Should I Go For a Public or Private Community Platform?

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Creating a vibrant community is not something that happens overnight. Successful communities are nurtured through thoughtful actions and attention to detail. CMNTY Platform has a lot of settings that can help you adapt to almost any community goal or situation. And while it may seem like a lot at first, our team is here to guide you through the process from the beginning.

Should I go for a Public or Private Community?

One of the first things you need to think about when starting your community is whether your want a public or private community. In CMNTY Platform, we call this setting Platform Status. A lot of people jump immediately to designing their platform or publishing the activities that they want to provide to members -- and while these are, of course, important parts of your master plan, it is helpful to decide on your platform status first. Below is a quick explanation of platform statuses to make this choice as easy as possible for you.

Option 1: Invitation only

When your platform status is set to "invitation only," members need an invitation to be able to become part of your community. Without an invitation, you simply won't have access to the registration form of the community. This gives you total control over who is and is not allowed to join.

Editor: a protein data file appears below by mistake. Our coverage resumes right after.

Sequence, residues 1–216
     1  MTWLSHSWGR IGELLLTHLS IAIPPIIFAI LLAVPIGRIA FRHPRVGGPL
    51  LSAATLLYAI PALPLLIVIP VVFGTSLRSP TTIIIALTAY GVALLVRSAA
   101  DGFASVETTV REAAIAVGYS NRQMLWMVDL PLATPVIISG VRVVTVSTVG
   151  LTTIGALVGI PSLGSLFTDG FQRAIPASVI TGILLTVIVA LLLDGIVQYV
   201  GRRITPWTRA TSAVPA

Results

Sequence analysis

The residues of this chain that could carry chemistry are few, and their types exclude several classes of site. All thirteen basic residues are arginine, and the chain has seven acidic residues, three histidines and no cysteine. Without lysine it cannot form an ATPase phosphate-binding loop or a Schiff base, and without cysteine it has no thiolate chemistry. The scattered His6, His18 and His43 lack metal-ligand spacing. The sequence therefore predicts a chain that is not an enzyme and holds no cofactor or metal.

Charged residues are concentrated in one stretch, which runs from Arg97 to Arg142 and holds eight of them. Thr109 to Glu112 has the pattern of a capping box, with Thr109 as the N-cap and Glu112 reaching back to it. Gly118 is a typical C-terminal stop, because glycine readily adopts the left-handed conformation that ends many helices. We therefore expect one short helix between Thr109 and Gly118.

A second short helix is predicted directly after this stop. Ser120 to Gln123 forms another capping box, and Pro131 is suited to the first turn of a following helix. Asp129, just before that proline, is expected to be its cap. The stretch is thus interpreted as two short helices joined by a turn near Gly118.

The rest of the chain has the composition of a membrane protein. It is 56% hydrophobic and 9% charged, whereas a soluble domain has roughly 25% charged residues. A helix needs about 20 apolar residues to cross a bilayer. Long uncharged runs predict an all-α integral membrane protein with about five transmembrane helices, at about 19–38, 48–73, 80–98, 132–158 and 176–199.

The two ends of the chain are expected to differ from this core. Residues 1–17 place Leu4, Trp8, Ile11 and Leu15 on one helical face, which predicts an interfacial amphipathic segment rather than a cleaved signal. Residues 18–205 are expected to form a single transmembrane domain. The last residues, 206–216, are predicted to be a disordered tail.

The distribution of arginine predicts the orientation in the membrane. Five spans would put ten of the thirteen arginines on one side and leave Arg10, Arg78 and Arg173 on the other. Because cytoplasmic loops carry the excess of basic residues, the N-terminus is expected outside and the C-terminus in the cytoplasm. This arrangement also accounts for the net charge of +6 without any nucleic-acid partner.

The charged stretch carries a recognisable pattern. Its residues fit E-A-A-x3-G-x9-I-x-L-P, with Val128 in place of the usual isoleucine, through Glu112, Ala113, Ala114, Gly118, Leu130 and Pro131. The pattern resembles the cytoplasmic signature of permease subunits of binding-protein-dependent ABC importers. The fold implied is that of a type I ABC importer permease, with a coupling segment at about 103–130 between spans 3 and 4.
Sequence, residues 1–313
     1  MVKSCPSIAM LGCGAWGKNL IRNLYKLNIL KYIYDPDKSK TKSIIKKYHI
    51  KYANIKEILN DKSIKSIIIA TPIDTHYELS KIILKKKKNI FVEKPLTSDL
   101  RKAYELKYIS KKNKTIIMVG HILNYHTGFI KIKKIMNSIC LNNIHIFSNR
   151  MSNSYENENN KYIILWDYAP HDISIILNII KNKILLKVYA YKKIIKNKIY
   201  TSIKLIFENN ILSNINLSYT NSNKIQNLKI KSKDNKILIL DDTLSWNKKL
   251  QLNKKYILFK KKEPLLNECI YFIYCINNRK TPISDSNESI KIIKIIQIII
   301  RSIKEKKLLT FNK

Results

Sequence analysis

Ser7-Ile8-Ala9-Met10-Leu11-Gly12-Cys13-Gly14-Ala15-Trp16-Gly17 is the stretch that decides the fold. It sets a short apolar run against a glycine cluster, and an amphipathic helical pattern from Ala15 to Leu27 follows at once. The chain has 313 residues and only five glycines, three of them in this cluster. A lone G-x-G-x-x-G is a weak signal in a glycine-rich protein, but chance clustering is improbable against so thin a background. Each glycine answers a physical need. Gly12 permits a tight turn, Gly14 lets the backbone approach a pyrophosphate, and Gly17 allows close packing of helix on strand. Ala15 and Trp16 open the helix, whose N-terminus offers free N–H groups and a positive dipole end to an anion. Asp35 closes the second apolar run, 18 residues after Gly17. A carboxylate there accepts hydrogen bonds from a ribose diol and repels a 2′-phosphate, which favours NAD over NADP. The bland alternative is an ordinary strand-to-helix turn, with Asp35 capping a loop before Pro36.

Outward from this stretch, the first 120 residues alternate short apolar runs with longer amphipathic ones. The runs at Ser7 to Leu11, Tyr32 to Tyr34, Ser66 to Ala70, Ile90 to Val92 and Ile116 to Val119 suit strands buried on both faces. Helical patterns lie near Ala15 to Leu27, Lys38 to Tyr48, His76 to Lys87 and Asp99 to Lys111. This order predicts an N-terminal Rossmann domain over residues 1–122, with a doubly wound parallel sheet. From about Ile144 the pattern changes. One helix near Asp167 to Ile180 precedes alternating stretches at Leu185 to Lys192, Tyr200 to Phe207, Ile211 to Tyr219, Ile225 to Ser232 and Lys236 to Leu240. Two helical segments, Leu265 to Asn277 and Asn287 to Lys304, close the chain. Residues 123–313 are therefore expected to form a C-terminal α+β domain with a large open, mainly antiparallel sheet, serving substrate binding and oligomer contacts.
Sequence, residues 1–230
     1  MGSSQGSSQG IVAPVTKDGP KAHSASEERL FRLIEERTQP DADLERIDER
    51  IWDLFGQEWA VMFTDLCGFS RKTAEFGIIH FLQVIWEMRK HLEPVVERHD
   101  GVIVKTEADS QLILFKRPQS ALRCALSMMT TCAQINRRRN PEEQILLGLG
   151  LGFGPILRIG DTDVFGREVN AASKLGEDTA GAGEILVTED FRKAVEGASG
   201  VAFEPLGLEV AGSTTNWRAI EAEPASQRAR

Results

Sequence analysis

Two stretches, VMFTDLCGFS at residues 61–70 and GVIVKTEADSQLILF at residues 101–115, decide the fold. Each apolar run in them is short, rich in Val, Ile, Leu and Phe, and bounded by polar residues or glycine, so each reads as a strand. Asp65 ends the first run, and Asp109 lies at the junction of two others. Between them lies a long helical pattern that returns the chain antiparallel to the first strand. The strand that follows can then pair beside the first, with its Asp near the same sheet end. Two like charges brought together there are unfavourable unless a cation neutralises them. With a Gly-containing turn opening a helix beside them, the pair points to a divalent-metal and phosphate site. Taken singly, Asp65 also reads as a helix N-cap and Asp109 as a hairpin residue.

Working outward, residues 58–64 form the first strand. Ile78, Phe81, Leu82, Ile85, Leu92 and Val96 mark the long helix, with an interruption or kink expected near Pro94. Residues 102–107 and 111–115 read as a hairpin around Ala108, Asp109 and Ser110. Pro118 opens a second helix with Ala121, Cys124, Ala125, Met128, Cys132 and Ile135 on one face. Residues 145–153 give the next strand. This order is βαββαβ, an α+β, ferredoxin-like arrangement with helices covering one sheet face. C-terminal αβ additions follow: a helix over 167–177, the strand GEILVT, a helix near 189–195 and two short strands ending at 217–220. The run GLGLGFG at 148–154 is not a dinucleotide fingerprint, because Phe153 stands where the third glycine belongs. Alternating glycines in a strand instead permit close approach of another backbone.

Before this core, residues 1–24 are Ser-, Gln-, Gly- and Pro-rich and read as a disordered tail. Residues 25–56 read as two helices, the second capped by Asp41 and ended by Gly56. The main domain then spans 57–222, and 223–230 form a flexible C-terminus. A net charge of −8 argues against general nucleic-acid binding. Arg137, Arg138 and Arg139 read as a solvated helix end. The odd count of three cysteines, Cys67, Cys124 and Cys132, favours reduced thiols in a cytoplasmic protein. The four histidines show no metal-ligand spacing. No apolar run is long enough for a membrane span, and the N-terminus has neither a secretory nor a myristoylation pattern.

When to choose this status: This status is often chosen for communities where community managers need control over the target audience and must keep all the information private. Examples: research communities, employee communities, exclusive groups.

Option 2: Open

In an "open" platform, you will be able to share your content with anyone who knows the link to your platform. The entire world can access your community, but in order for people to participate they still must create an account. But hey, that's easy! They can simply hit the "Registration" button.
When to choose the this status: You can choose this status for communities that can benefit from a more open nature. Visitors can browse information and decide if the community is for them. Examples: co-creation communities, innovation communities.

Option 3: Protected

If you are looking for somewhat of a hybrid between an "invitation only" and "open" platform. We also have the option to use a "protected" platform status. Visitors to your community will not see any content until they have registered with an account.
When to use this status: You can use this status to make your "invitation only" platform more public. Which will help to increase your member base, or to make your "open" platform more private.
If you have questions about which status might be the best for you (public or private community). Don't hesitate to let us know, we are happy to talk about your best practices.


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